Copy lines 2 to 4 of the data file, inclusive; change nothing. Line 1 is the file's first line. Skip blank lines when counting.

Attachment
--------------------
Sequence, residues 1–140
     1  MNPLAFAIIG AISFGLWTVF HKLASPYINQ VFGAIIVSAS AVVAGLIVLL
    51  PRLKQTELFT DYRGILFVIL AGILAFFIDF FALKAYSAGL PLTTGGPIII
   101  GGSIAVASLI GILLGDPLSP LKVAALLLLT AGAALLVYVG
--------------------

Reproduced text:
     1  MNPLAFAIIG AISFGLWTVF HKLASPYINQ VFGAIIVSAS AVVAGLIVLL
    51  PRLKQTELFT DYRGILFVIL AGILAFFIDF FALKAYSAGL PLTTGGPIII
   101  GGSIAVASLI GILLGDPLSP LKVAALLLLT AGAALLVYVG